Two months ago, when Uber was struggling to resolve one of the worst scandals to ever shake a Silicon Valley giant, it seemed as if the crisis had reached its climax. It might be a rough road to redemption, but at least Uber could turn its focus to cleaning up the mess.
Instead, Uber’s tale has soured into something more like a reality TV show, in which power plays and ego battles inside the board of directors — the very entity needed to stabilize the situation — have pushed the company back to the point of crisis.
Here’s what’s happened at Uber in the past week alone. Benchmark, an early Uber investor, sought to sell its stake to Softbank at a steep discount ($40 billion to $45 billion) from Uber’s $70 billion valuation. The Information reported this story, noting that the move inflamed already high tensions on the board. Softbank CEO Masayoshi Son later said he’s “interested in discussing [an investment] with Uber,” or even with its rival Lyft.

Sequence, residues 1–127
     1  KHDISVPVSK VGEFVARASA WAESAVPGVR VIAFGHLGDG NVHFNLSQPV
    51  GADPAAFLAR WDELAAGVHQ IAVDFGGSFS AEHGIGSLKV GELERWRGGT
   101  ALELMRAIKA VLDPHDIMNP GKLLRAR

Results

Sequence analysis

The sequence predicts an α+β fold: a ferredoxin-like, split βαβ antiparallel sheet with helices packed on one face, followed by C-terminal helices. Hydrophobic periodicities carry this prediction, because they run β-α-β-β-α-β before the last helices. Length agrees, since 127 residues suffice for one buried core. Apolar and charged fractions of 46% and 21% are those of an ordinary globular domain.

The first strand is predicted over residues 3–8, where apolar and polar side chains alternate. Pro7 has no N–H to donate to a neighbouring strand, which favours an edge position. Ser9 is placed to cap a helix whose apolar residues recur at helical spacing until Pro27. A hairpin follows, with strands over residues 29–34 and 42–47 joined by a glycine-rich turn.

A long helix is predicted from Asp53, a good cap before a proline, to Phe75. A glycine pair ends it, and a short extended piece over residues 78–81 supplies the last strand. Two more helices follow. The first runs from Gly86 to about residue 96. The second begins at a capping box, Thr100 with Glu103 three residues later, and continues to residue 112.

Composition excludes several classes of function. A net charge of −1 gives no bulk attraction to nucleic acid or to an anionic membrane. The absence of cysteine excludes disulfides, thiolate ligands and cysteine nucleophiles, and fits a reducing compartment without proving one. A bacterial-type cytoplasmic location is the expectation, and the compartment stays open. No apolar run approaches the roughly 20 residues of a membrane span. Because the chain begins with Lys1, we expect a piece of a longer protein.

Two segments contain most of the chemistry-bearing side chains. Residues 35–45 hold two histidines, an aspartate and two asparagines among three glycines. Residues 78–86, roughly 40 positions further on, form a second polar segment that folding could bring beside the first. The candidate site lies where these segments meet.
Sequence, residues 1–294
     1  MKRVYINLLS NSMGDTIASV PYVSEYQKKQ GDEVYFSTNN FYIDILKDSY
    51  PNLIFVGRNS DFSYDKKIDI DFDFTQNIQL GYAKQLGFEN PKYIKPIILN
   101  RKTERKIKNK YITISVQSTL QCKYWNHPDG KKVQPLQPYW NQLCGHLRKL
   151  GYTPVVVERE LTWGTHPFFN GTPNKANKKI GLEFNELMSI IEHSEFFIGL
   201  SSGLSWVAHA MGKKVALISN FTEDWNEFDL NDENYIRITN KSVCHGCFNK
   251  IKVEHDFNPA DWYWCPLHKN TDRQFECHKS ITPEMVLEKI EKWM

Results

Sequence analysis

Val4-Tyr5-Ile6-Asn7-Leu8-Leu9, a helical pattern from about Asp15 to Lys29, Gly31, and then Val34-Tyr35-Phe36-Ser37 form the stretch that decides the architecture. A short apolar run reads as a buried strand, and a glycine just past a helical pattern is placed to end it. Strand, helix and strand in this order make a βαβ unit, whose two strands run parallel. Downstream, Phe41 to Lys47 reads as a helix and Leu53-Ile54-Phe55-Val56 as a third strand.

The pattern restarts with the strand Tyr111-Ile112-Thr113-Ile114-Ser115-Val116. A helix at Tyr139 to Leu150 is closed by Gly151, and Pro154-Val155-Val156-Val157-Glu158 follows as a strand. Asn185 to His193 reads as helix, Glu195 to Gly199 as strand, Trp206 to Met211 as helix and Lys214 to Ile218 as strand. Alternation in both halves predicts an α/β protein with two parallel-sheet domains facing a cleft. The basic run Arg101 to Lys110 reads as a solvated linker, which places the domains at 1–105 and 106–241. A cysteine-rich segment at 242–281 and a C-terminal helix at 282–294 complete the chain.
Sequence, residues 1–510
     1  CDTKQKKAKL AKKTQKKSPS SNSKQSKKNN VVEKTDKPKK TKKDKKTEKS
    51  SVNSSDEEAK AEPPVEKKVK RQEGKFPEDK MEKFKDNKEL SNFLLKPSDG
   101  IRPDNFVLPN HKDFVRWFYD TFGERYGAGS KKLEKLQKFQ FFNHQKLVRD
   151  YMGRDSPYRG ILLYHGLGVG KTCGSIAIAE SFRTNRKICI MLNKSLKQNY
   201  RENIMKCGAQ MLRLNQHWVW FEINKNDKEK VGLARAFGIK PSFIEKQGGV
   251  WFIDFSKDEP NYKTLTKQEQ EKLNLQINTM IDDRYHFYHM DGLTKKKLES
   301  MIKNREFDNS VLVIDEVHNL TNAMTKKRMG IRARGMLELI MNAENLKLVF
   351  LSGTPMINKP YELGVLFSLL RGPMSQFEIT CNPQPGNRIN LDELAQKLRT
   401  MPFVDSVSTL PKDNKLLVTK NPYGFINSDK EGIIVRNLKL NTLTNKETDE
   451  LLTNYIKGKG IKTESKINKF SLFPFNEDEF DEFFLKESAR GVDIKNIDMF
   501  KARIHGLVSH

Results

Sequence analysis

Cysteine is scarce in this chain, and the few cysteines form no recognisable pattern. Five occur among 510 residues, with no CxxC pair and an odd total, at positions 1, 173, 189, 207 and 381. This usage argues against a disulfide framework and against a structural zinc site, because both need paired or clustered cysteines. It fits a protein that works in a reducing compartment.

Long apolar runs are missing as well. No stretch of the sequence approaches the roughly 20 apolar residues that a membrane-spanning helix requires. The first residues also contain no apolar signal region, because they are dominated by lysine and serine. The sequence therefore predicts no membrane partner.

The next day, another report said that Uber ex-CEO Travis Kalanick was seeking support from key employees to help him reassert control in a potential shareholder battle. On Monday, Google cofounder and board member Garrett Camp told employees, “Travis is not returning as CEO.” On Thursday, Ryan Graves, Uber’s first employee and a board member, left his job as a SVP but retained his board seat.
Also Thursday, Axios reported that Benchmark was suing Kalanick for fraud, breach of contract, and breach of fiduciary duty, alleging that Kalanick had abused, through “material misstatements and fraudulent concealment” of information, a 2016 board decision that let him appoint three new board members. The lawsuit is seeking to remove Kalanick from Uber’s board. On Friday, another shareholder group struck back, demanding Benchmark divest some of its assets.
And that’s just one week. Previously, Uber’s board tensions simmered at a slow boil as different parties leaked out tidbits to the…